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Thursday, October 12, 2017


Art
 

12:00 PM - 8:00 PM, October 12



That Day Now: Shadows Cast by Hiroshima
Everson Museum of Art

Everson Museum of Art
401 Harrison St., Syracuse

A changing project room of curated objects and original works

On August 6, 1945, the United States dropped an atomic bomb on Hiroshima, Japan, killing as many as 200,000 people, severely injuring countless more, and immediately raising the specter, still with us, of total annihilation. Three days later Nagasaki, Japan, suffered the same fate. The impact of these bombings on the way we view the world cannot be understated. Historian Robert Jay Lifton has written: "You cannot understand the twentieth century without Hiroshima."

Yet, how exactly do we regard Hiroshima (understood not only as referring collectively to both the bombings of Hiroshima and Nagasaki, but also all such possible catastrophes to come), particularly as it fades in cultural memory? How can we find its present urgency? This exhibition is one humble attempt to grapple with this difficult question. It takes the form of a project room that will undergo three transformations between August 19 and November 26.

For the first phase of the exhibition (August 19-October 18), Syracuse University Professors Yutaka Sho, Susannah Sayler, and Edward Morris have curated images and objects from Syracuse University and Everson collections that were created in 1945, the year that bombs were dropped on Hiroshima and Nagasaki. None of these images and objects were made with Hiroshima specifically in mind. Some of them relate directly to the war; some of them do not. Together, however, they form a montage made from the artifacts of history and bear upon the spirit of the times in a way that could not be accomplished by a direct or literal treatment. The montage needs to be activated with reflection.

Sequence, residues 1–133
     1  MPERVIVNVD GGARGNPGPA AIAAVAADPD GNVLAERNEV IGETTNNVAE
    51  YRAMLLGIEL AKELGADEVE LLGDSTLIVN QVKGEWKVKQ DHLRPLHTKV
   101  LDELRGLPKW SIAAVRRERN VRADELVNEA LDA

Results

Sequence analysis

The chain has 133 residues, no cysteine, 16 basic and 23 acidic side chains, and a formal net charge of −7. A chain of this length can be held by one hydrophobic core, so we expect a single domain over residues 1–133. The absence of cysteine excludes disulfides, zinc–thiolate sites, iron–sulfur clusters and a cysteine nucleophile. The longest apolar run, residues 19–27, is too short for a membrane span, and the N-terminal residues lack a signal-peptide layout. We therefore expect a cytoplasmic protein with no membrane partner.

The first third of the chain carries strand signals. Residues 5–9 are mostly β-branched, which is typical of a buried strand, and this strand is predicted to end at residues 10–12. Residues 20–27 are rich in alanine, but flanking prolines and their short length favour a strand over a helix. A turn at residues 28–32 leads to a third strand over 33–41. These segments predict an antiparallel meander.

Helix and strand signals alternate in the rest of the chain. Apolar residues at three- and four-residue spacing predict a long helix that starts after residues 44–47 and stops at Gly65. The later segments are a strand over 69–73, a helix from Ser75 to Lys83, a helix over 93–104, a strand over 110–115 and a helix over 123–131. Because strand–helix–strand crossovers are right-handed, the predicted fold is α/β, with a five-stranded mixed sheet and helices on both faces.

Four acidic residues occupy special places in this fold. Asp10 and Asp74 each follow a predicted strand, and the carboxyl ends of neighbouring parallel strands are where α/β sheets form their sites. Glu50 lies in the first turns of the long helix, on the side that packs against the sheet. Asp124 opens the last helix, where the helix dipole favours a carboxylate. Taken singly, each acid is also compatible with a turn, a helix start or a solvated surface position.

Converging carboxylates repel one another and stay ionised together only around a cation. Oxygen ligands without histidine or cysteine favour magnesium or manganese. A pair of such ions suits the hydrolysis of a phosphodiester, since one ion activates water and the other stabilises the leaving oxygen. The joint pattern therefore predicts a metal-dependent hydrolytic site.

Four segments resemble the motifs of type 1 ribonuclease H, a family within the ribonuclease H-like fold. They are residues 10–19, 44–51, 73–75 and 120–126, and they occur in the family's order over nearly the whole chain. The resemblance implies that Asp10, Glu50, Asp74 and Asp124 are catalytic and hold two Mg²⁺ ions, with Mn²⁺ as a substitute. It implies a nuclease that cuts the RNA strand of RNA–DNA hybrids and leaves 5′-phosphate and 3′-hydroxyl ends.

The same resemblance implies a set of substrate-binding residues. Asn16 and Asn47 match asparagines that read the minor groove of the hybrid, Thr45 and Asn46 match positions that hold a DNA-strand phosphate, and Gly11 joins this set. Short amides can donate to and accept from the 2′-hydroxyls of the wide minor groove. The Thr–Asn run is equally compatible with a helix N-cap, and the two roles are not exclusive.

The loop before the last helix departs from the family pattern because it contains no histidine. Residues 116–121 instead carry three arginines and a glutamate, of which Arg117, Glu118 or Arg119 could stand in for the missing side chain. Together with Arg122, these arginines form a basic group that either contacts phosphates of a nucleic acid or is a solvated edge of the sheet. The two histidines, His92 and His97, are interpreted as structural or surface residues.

Students in a studio class taught by Professors Sho and Morris will continue to transform the exhibition in two additional phases, opening on October 18 and November 16 respectively.

The exhibition is part of a larger program at Syracuse University and other locations in the city that centers around a visit in October of one survivor from Hiroshima, Keiko Ogura. Ms. Ogura was eight years old when the bomb fell, and she has since become the official A-bomb storyteller for the city of Hiroshima and tireless advocate for peace and nuclear nonproliferation issues that have gained an unexpected urgency in recent months.


 

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